Reprinted from Mike Malloy
MSNBC is treating tonight's speech and aftermath like it's the Superbowl, complete with non-stop pre-show coverage and a countdown clock. There are snazzy, rock-and-roll flash graphics showing Obama getting ready and leaving the White House, cut with shots of MSNBC anchors getting into position for their coverage tonight. I wonder who they have booked for the opening act -- Miley Cyrus or Howard Dean?
And they just aired a little snippet of Obama reclining on a chair, tie-less and so relaxed, sharing his feelings on his sixth time at the podium. That was weird. Are we now at a point where the CEO of the USA gives a staged, artificially casual commercial for his SOTU address? How it affects him, personally? His reflections on speaking to Congress?
Just seems wrong somehow. Not that the entire enterprise isn't faked to pieces, but this is too great a suspension of disbelief. Too artificially wistful. Way too obvious. And it further diminishes the alleged importance of the moment, but does justice to the concept of "news" marketing circa 2015.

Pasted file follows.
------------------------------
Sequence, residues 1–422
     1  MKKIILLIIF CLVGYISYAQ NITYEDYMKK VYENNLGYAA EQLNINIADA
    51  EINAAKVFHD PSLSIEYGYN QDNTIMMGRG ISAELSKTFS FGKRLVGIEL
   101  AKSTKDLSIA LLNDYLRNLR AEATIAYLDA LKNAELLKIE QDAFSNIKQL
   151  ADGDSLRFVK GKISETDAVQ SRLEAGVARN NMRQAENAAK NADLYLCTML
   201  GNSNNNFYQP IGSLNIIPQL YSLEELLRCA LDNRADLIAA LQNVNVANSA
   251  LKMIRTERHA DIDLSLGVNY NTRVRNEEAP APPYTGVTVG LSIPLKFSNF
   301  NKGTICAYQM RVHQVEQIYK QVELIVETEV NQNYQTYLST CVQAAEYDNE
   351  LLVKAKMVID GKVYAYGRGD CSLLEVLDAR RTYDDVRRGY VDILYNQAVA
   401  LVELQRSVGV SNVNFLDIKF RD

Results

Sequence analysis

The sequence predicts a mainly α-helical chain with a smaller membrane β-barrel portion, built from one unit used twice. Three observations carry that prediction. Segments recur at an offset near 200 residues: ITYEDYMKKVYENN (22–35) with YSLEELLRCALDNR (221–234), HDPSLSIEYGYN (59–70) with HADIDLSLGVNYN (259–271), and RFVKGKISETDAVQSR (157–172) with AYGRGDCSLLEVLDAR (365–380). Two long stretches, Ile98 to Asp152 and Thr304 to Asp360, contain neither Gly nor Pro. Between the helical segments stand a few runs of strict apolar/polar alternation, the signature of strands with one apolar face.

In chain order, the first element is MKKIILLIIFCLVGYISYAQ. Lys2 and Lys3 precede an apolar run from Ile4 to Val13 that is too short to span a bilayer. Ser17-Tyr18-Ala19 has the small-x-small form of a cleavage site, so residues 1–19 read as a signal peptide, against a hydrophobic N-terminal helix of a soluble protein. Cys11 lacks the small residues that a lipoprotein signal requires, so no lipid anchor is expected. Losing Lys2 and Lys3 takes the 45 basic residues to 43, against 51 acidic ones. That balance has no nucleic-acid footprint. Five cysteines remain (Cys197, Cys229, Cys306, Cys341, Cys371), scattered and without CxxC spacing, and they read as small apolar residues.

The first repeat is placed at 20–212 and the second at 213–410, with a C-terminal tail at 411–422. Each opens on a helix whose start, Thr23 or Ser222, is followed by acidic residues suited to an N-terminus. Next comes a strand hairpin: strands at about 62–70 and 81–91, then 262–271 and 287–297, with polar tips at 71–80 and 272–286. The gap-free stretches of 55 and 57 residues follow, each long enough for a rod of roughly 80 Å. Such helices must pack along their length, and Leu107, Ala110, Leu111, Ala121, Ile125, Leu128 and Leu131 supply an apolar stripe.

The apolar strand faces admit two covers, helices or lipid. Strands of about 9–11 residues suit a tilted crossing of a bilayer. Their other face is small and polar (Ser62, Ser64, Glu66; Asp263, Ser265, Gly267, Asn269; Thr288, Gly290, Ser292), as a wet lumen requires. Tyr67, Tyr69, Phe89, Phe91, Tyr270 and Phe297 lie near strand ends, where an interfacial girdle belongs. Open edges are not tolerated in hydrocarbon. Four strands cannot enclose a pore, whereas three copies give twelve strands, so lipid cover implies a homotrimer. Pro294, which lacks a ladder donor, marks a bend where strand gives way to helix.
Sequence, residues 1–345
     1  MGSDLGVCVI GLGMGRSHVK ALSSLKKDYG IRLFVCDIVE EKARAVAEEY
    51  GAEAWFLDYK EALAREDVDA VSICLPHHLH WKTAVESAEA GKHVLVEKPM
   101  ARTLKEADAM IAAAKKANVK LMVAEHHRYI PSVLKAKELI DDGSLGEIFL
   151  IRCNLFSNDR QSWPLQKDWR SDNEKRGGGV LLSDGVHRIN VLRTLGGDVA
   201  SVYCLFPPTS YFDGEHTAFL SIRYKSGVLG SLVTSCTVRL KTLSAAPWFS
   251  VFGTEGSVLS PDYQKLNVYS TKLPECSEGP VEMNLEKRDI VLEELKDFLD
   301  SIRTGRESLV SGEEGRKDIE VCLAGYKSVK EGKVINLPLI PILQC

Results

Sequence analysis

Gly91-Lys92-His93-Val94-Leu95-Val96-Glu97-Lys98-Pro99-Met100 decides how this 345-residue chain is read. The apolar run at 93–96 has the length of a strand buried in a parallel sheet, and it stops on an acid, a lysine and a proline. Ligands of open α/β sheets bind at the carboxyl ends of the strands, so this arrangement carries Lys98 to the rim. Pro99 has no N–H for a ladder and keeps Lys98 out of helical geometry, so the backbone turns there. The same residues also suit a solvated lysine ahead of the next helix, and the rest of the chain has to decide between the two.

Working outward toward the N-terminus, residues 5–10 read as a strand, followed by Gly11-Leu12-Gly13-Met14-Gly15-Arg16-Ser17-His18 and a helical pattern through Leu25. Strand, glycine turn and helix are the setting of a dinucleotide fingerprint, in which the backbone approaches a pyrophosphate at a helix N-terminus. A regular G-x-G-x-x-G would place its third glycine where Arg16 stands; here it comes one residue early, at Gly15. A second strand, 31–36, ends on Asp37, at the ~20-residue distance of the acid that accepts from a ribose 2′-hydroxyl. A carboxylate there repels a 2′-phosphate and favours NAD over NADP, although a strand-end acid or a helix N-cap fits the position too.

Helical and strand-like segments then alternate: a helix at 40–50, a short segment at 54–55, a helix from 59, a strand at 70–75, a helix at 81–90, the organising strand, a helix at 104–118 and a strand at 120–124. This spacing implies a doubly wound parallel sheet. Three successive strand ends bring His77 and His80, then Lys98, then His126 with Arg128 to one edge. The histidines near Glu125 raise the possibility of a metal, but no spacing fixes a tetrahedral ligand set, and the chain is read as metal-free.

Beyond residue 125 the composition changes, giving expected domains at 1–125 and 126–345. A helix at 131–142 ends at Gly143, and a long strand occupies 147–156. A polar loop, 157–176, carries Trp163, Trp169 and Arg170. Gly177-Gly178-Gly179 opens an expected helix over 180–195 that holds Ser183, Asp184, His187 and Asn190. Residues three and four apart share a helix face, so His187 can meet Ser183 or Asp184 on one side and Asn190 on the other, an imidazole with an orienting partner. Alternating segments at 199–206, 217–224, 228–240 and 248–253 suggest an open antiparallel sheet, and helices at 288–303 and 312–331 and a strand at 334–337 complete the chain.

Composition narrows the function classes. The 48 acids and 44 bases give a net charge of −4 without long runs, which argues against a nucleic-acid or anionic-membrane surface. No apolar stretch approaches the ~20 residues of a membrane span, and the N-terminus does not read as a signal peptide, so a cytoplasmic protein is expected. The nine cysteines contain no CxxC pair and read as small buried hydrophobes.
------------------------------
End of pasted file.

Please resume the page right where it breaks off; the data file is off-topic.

Given the reign of Reality TV freakshows, I guess this is what the White House media managers think we want.
Speaking of freaks, the real entertainment tonight won't come in seeing who kisses whom, or who stands and applauds, or who shouts "YOU LIE" during the main event, but it will be when neophyte Neocon Sen. Joni Ernst (R/IA) issues the GOP rebuttal. If the clip of her press preview on MSNBC is any indication, they better lower her mic; she's a surprisingly tiny little Teabagger. Her pig-castrating prowess is even more impressive given her diminutive stature.
Even more amusing, the GOP announced it will also air a Spanish-Language version of the rebuttal, given by freshman Florida Rep. Carlos Curbelo. No doubt they are courting the Hispanic vote for 2016. But one wonders how Ms. Ernst likes the idea of her words translated en Espanol, given that she's a leading "English only" advocate. She takes it so seriously, she once sued Iowa's Secretary of State when he offered voters the option of a Spanish language ballot.